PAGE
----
Time to Break the Canadian Index Monopoly
Effective benchmarks are a critical for the Canadian capital markets. And their governance is important as recognized by IOSCO. At NEO, we have witnessed first-hand the issues that can occur when a benchmark administrator has commercial interests that conflict with the interests of investors and public companies. It leads to anti-competitive behaviour.
The S&P/TSX 60 Index and S&P/TSX Composite Index (“the S&P/TSX Indices”) have over time become synonymous with national indices. There are hundreds of billions of dollars of assets out there that are utilizing these indices in some way. Yet, S&P/TSX Indices operate without any formal securities regulation or oversight.
The end result? The incumbent exchange makes decisions for these indices that are in its best interest, not in the best interest of public companies and their shareholders, and not for investors looking for broad Canadian exposure.
This has to change and we applaud the regulators for recognizing the need for benchmark oversight.
The need for regulatory oversight
The Canadian Securities Administrators are currently examining how to develop a regulatory regime for benchmarks and their administrators, contributors and users.
At NEO, we believe the S&P/TSX indices should be regulated benchmarks as shared in our comment letter to the regulators. Millions of Canadian investors frequently invest in products directly tracking these indices. Investment advisors commonly use these indices as a performance benchmark, as do asset managers. These indices are a general depiction of the strength of the Canadian economy, each viewed as a significant tracker of the performance of Canadian public companies.
The core of their proposal is to acknowledge the central role certain critical benchmarks play in the Canadian market, and to give regulators the ability to intervene if administrators are acting badly.
And they are. As administrators of the S&P/TSX Indices, Standard and Poor’s and the TSX are directly contravening the IOSCO Principles for Financial Benchmarks. We have found three major breaches of these principles, established to address conflicts of interest and foster transparency and openness:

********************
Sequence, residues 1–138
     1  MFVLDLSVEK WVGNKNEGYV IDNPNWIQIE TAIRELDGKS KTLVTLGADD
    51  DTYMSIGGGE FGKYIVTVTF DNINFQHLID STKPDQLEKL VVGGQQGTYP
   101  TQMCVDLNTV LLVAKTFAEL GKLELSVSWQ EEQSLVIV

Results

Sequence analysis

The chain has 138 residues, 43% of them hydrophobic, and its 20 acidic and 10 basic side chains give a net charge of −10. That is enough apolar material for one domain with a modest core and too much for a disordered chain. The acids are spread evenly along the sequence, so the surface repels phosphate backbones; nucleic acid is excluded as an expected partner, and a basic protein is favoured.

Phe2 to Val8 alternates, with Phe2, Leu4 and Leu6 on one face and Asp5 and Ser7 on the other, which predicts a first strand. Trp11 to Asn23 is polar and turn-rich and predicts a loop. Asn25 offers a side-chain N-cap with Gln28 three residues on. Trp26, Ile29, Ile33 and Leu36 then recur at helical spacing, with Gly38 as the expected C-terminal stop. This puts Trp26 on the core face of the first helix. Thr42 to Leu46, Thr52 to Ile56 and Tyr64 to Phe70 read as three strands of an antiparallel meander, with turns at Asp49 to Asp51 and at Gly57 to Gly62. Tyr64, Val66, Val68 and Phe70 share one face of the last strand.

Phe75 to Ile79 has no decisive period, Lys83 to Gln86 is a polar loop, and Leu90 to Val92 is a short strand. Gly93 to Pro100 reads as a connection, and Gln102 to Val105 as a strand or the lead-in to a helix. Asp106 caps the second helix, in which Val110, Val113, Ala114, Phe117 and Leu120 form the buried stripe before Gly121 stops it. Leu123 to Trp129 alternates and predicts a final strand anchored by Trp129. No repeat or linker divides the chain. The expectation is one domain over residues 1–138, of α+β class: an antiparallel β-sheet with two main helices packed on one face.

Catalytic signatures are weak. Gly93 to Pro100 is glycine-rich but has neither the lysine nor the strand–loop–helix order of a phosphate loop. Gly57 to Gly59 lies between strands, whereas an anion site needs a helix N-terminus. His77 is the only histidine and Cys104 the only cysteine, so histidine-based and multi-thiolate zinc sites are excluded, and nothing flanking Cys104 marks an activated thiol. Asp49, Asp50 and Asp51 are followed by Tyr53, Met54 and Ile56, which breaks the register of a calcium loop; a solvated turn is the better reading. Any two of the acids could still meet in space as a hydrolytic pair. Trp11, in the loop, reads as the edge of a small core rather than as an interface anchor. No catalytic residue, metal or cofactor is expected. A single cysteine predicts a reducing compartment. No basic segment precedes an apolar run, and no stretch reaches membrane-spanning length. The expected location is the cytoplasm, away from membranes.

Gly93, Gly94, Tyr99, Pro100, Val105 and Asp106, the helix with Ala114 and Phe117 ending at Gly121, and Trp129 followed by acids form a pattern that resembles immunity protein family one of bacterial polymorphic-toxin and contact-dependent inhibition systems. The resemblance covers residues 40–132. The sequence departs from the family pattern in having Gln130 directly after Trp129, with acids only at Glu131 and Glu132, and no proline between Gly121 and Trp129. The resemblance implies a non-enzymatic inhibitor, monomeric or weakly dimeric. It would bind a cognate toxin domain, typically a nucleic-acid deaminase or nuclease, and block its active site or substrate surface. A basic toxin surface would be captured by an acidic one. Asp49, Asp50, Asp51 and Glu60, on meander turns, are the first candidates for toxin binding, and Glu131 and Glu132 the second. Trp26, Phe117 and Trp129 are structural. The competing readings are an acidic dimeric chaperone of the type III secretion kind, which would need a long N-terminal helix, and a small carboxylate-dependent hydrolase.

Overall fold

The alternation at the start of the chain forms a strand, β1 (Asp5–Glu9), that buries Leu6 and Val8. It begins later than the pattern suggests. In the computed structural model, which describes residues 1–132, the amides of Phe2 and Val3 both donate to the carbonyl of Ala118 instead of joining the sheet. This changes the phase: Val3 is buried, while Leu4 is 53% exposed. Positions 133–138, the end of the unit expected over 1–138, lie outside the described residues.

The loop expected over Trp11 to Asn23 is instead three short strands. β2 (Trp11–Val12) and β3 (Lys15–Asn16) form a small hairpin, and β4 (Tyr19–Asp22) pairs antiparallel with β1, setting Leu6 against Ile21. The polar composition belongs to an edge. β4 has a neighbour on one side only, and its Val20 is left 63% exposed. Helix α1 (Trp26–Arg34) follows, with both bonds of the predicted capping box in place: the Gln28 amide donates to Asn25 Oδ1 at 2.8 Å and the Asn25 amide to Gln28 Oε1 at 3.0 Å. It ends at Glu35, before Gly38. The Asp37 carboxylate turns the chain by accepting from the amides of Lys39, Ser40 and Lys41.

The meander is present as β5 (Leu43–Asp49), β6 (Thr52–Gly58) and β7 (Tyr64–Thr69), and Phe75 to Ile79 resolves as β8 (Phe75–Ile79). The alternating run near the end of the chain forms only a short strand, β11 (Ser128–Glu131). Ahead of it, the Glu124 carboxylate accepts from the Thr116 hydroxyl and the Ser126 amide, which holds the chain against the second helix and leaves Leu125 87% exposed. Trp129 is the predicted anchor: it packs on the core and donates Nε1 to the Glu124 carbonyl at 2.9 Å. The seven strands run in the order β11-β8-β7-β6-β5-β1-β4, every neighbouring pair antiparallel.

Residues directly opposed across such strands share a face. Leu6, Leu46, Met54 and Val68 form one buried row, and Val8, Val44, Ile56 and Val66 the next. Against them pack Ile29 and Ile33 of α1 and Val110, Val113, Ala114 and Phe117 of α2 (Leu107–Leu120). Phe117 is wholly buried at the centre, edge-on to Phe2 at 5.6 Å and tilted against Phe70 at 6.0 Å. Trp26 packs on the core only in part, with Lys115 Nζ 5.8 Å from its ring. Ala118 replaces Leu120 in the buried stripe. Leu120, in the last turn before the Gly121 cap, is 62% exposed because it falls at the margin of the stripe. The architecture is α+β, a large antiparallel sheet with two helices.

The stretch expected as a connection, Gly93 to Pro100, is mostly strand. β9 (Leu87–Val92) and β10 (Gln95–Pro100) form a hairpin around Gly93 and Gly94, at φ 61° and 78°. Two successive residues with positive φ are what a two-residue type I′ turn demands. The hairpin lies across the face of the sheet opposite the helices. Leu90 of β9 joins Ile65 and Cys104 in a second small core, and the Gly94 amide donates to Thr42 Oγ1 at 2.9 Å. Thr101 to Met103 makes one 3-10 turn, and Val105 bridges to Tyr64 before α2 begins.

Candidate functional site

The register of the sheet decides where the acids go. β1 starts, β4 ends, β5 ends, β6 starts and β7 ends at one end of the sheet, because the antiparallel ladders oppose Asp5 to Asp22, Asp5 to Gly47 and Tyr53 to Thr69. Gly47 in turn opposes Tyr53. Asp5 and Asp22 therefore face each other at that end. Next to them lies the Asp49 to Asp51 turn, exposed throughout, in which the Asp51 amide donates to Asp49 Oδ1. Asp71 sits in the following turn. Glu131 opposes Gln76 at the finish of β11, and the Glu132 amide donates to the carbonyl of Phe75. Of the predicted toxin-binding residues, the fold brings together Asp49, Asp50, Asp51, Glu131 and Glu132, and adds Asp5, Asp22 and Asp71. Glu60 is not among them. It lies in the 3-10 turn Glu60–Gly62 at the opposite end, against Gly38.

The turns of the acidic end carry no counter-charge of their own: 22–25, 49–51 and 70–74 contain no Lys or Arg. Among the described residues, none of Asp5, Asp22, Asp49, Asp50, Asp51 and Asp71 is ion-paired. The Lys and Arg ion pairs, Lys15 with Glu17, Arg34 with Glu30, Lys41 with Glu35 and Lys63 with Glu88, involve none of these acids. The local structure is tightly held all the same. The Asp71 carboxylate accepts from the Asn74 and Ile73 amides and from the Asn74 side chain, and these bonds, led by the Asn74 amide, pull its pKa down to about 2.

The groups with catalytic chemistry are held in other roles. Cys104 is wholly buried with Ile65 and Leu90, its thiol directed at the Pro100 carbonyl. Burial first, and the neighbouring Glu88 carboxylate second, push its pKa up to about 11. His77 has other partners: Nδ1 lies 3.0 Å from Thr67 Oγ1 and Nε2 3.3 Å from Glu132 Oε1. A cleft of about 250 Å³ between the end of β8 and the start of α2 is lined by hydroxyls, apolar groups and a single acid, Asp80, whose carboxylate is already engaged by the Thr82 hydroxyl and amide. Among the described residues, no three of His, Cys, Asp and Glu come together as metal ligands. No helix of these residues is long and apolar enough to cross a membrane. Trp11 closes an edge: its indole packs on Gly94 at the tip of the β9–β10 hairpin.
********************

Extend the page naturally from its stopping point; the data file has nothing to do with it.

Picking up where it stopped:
- The TSX has substantial influence over the S&P/TSX Indices composition, including pricing and voting on index constituents. This allows them to protect its own listing venue and promote its own listings, which is considered benchmark manipulation. Yet, this conflict of interest is not disclosed as the TSX is not considered an administrator.
- It is mandated that the constituents of the S&P/TSX Indices must be listed on the TSX. This directly contravenes the IOSCO Principle of generic and non-exclusive benchmark design. If companies from other Canadian exchanges are ignored, how can the index reliably represent the economic realities of the Canadian capital markets?
- The S&P/TSX Indices pricing is solely based on data collected from TSX, but the underlying securities have volumes from all Canadian trading marketplaces. This means the indices are only a partial representation of the underlying securities and are subject to calculation issues should the TSX experience an outrage like it did on April 28, 2018.
Not only are the S&P/TSX Indices contravening IOSCO Principles, the TSX is acting in direct conflict with its Recognition Order as a stock exchange. The TSX recognition order put provisions in place to reflect TMX Group’s market power to ensure it would not use differential pricing or tied selling to preference its own venues. Preventing the S&P/TSX Indices from including securities listed on other Canadian stock exchanges is clearly not respecting the spirit of the Recognition Order. And is extremely anti-competitive.
The practice of restricting the constituents of these benchmarks to only those listed on the TSX needs to be urgently addressed. In its place, an objective methodology must be used. When an investor chooses the S&P/TSX Indices to benchmark against, the listing exchange should be irrelevant. We have to look no further than the United States to see this. The S&P 500 is not tied to one specific U.S. stock exchange.
The TSX is leveraging its market power and acting in an extremely anti-competitive manner. No company currently included in the S&P/TSX Indices is able to list elsewhere than on the TSX without being removed from the indices. It also becomes a major decision-making factor for any company who wants to be included in an S&P/TSX Index. They will have to weigh the pros and cons of not being eligible for a benchmark index with being listed on what may be a better exchange for its shareholders.
This hinders stock exchange competition which is bad for the Canadian capital markets as a whole.
Checks and balances are needed to address these issues and minimize the risk that commercial interests of the TSX are being put ahead of the interest of investors and public companies. A more democratic governance model is the only way forward for exchange-agnostic benchmarks and their obvious benefits to come to fruition.
Chief Operating Office, NEO